A quick guide to regulator’s requirements for the financial industry.
In our remote and hybrid working world, financial firms are using a varied range of digital communication channels to conduct business and interact with clients. Read our quick guide, which summarises what regulators specify in regard to monitoring communications to manage conduct, and mitigate the risk of financial crime.
The Hybrid / Remote Working Picture
The Financial Conduct Authority (FCA) has released guidance which specifies that financial businesses must monitor and keep a record of all business-related communications which include telephone conversations and ‘electronic communications’ such as emails and instant messages.
SYSC 10A.1.6 | A firm must take reasonable steps to record phone conversations and keep a copy of electronic communications that relate to financial activity that are made with, sent from, or received on equipment provided by the firm to an employee or contractor; or the use of which by an employee or contractor has been accepted or permitted by the firm.
SYSC 10A.1.7 | A firm must take all reasonable steps to prevent an employee or contractor from making, sending, or receiving relevant telephone conversations and electronic communications on privately-owned equipment which the firm is unable to record or copy.
SYSC 10A.1.8 | The telephone conversations and electronic communications recorded in SYSC 10A.1.6 must include those that intend to result in financial activity, even if those conversations or communications don’t end up resulting in financial activity.
SYSC 10A.1.14 | The records (including phone and electronic communications records) kept in accordance with this chapter must be provided by the firm to the client involved upon request; and kept for a period of five years and, where requested by the FCA, for a period of up to seven years.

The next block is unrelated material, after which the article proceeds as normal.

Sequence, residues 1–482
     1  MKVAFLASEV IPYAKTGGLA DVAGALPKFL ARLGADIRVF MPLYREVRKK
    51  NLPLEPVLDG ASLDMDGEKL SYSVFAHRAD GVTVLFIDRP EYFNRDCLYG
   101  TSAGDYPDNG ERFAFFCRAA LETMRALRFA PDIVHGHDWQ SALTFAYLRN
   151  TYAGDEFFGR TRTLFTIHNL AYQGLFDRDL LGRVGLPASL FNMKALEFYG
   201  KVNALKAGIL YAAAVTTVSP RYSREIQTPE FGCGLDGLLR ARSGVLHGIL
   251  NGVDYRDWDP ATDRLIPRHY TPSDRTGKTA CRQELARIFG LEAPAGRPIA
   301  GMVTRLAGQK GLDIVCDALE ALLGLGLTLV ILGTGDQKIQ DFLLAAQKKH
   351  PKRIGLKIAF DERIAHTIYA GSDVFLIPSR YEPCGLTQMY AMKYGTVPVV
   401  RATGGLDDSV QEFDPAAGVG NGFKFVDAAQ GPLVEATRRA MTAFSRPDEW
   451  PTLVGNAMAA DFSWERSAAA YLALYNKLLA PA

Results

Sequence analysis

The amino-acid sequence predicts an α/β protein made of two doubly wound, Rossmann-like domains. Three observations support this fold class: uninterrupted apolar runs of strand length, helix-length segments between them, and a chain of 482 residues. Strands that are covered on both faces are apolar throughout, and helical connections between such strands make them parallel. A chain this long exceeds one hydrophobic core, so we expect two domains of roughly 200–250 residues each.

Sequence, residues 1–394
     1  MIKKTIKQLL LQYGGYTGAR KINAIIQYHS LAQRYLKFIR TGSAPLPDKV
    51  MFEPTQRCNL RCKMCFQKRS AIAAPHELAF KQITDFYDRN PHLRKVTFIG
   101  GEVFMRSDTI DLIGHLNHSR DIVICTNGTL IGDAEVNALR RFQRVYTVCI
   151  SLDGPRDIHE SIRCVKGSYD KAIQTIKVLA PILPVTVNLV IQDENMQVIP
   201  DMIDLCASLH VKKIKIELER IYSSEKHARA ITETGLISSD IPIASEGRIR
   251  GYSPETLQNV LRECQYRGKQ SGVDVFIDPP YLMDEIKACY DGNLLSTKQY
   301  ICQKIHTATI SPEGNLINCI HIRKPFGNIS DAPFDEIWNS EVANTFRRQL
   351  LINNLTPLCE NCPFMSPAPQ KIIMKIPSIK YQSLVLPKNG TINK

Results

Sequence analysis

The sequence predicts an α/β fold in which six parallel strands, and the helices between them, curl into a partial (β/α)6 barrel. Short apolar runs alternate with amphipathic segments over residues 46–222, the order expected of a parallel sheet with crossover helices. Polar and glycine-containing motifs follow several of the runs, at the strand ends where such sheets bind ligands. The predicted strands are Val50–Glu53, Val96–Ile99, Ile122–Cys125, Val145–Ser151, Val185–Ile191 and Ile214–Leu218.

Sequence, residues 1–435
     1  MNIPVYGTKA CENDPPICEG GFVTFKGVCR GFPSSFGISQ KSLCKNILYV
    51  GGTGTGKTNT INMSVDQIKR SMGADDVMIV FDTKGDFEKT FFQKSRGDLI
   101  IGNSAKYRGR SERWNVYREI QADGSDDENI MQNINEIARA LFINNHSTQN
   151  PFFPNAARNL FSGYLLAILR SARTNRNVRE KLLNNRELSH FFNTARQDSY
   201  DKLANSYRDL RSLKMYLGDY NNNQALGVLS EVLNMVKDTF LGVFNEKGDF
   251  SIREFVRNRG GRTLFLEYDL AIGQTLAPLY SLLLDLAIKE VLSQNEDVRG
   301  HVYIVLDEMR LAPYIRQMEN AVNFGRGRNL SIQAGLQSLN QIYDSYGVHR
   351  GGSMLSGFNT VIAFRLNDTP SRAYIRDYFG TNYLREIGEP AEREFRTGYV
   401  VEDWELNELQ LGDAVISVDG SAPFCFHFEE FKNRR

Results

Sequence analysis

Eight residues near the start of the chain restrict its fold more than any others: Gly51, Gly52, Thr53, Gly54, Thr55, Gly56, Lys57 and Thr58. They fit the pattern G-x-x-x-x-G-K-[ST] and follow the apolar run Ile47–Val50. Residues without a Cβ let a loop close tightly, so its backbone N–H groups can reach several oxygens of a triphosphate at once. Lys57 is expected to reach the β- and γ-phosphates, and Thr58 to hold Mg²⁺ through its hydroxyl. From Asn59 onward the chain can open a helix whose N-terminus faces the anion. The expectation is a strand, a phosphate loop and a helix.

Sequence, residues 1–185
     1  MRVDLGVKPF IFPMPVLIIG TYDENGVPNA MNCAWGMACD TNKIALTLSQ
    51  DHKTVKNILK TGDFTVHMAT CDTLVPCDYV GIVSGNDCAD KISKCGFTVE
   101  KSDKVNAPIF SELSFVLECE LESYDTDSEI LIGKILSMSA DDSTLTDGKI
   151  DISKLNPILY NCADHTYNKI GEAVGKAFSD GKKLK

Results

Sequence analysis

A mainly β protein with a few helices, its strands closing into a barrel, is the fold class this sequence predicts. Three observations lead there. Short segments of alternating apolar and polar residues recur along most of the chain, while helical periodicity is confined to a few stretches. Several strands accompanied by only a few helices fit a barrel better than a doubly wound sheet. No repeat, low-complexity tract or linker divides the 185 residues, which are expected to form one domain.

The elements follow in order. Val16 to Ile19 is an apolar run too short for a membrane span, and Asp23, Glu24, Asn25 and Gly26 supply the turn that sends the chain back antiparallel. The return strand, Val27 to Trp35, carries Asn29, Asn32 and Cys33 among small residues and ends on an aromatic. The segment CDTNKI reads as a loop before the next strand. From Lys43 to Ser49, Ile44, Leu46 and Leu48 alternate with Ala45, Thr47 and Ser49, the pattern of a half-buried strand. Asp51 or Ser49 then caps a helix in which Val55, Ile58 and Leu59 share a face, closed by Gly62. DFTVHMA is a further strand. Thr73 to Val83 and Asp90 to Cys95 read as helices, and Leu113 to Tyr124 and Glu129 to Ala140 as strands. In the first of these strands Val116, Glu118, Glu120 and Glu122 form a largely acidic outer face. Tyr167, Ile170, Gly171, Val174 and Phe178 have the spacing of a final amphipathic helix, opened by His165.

ESMA (EU & UK)
The European Securities and Markets Authority (ESMA) has established a set of rules (MIFIID II) that apply to financial firms in the EU and the UK which require investment firms to record all communications relating to the “reception, transmission, and execution of client orders.”
MIFIID II, Article 16(7) | Records must be kept of telephone conversations and/or electronic communications relating to a transaction and the provision of client order services that relate to the reception, transmission and execution of client orders.
Records of such telephone conversations and electronic communications must include all activity that intends to result in a transaction, even if the transaction doesn’t end up happening.
An investment firm shall take all reasonable steps to record relevant telephone conversations and electronic communications, made with, sent from or received by equipment provided by the investment firm to an employee or contractor or the use of which by an employee or contractor has been accepted or permitted by the investment firm.
An investment firm shall take all reasonable steps to prevent an employee or contractor from making, sending or receiving relevant telephone conversations and electronic communications on privately-owned equipment which the investment firm is unable to record or copy.